Family issues summer camp warning amidst legal battle with Notre Dame
The story of John-Vincent Louis is a reminder, a difficult one, about the risk parents and children take when they send their child to summer camp.
The reality is that you can never really know who you are entrusting your child with and you can never truly understand the effect that a negative experience can have on their life.
That’s the reality John-Vincent Louis and his mother Michelle live in.
Struggling amidst a legal battle with Notre Dame and the visions of what might have been.
“I've been going down a really difficult path. I've had to be admitted into a psychiatric hospital, I'm still continuing to receive therapy, I'm on several antidepressant, anti-anxiety medications and I struggle with depression on a daily basis,” said John-Vincent during an interview with 47 ABC’s Ryan Eldredge.
John-Vincent’s life wasn’t supposed to play out this way, waiting for legal battles to end. It was supposed to play out on the football field, with a chance to put Saint Michaels, Maryland on the map.
But in the summer of 2013, at a Notre Dame football camp, the then 17-year-old's career came to an end.
“I was happy to be at Notre Dame playing football for the coaches, getting compliments getting questions,” said John-Vincent. “I just remember… All of a sudden I just felt the ground underneath me give out and I slipped and I came right down on my knee.”
John-Vincent’s P-C-L was torn and although he didn't know it, his knee would never be the same and his mind would never be the same.
“Nobody really wants to live with, what if. What if I hadn't gotten hurt, could I have gotten that scholarship? Would I have been at a different school? Would I have had a job already? I just have to live with the what if every single day,” said John-Vincent.
But John-Vincent’s physical struggle, the surgery, the recovery, and his injury-plagued senior season at Blair Academy are only a part of the story.
“It wasn't what they advertised,” said mother Michelle while talking about the football camp at Notre Dame. “They advertised the big beautiful field they were going to come play on it and they arrive and it's like pit city.”
For more than four years now, the entire Louis' family has been locked in a legal battle with one of the country's largest catholic institutions.
“I don't know any parent that doesn't know Notre Dame that would've thought their children were in good hands especially under those kind of circumstances,” said Michelle.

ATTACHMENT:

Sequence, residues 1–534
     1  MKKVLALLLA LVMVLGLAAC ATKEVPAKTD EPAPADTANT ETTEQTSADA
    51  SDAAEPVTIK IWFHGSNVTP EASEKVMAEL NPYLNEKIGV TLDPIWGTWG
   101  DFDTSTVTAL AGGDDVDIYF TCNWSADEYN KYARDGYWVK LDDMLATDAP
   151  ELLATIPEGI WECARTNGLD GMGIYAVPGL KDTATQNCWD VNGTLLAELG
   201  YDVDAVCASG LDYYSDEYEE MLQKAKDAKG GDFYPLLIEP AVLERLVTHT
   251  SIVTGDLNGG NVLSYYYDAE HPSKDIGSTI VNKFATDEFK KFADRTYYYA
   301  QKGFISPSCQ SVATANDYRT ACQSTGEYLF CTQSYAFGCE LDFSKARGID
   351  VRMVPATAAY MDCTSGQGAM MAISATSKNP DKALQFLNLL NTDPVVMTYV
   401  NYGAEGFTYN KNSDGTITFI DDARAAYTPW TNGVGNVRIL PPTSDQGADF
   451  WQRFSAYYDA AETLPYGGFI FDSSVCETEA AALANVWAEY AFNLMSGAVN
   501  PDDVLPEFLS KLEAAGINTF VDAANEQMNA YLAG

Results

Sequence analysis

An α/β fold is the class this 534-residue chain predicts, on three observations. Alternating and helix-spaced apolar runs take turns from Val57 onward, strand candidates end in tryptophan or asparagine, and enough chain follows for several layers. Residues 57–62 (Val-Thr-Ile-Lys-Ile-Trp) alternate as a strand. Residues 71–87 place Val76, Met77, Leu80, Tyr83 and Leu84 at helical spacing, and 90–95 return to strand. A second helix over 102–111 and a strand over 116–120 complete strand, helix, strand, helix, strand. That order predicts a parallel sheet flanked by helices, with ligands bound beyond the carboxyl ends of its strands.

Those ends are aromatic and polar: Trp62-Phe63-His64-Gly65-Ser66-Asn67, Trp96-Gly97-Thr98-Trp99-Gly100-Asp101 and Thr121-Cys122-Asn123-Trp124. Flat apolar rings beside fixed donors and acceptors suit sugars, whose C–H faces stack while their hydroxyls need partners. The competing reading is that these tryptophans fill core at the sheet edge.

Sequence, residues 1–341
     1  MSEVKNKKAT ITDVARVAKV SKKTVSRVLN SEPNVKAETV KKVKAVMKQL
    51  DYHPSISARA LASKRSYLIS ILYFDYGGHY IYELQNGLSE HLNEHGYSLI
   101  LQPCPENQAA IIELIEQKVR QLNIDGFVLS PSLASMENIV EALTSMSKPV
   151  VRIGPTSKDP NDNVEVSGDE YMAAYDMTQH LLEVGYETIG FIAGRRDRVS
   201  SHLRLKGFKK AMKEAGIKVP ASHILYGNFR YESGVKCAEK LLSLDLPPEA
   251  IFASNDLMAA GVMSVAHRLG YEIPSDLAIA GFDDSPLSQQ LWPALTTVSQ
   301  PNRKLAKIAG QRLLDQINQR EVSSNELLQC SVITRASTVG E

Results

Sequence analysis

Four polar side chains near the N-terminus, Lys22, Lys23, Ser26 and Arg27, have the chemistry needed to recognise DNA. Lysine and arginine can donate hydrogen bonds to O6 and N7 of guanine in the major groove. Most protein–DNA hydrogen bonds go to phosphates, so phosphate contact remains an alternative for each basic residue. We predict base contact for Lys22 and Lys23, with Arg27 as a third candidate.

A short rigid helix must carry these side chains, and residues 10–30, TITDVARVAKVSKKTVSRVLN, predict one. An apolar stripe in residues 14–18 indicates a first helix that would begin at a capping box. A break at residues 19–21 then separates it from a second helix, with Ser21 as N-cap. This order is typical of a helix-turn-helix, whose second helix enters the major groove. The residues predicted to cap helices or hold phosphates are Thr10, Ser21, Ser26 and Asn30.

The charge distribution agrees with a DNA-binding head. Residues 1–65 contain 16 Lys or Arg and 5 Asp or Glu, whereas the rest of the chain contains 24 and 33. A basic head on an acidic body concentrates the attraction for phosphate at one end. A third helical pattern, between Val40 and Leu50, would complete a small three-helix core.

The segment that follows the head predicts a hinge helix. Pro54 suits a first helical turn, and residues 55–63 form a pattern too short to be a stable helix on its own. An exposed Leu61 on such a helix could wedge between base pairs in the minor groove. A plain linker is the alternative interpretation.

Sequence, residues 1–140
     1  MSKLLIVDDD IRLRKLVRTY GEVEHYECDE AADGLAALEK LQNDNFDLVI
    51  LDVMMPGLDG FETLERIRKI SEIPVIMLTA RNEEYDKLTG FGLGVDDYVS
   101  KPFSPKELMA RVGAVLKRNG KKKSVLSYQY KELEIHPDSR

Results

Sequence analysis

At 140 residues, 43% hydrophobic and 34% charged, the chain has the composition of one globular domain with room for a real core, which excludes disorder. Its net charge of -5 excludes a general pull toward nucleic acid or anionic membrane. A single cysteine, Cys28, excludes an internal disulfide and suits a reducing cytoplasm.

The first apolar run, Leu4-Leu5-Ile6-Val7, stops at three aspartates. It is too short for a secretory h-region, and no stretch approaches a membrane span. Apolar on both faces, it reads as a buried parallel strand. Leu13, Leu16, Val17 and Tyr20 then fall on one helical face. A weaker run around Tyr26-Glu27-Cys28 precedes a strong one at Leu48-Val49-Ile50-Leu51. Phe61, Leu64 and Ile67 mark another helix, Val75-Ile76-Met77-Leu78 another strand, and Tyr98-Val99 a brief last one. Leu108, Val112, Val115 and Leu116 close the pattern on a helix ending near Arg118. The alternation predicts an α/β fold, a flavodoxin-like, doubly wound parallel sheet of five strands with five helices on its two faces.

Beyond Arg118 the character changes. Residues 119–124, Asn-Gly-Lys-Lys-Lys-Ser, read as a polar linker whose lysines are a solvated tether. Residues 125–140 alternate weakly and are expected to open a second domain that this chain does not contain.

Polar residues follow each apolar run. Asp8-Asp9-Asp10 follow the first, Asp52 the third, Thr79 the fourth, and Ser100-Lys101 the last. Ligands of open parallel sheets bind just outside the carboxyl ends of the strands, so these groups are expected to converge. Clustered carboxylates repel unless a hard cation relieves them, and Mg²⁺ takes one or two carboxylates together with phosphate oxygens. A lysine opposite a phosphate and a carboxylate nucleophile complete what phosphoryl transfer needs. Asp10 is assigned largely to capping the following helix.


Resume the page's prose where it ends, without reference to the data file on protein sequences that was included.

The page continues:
The lawsuit, even a recent summary judgement that ruled in their favor, highlight the poor playing surface that John-Vincent and others were on, in addition to the questionable actions of the adults tasked with caring for the young men at the football camp.
“Just because you sign that waiver that doesn't mean that gives them permission to new grossly neglect your child,” said Michelle.
At issue is the response of those adults who allegedly left John-Vincent suffering on a dorm room floor for hours before they helped or gave him permission to seek medical attention.
“It's horrible because you want as a mother you always want your child if they were injured taken care of,” said Michelle.
Aside from the compensation they are fighting for and the apology that John-Vincent feels he is owed, it is the family's hope that others learn from their misfortune.
“There's a lot of kids out there who have some other dreams like me and I want to make sure that they are protected as well, they are taken care of and have a better shot at achieving their goals,” said John-Vincent.
The Louis' family says it's important that families look into the programs, facilities, and organizations tasked with monitoring their children over the summer months and if possible Michelle suggests moms and dads do some digging or go in-person, because a flyer, website, or brochure can be deceiving.
“I mean the message is just be really aware because if this can happen at Notre Dame it could happen anywhere,” said Michelle.
John-Vincent has received threats and disgusting messages on Facebook since news of the family's lawsuit was made public.
He tells 47 ABC that it has contributed to his depression, but he is hopeful that a resolution in this case will be the thing he needs to put the past behind him, to move forward.
47 ABC did reach out to Notre Dame for comment, University Spokesman Dennis K. Brown replied, “We have no comment on what is pending litigation.”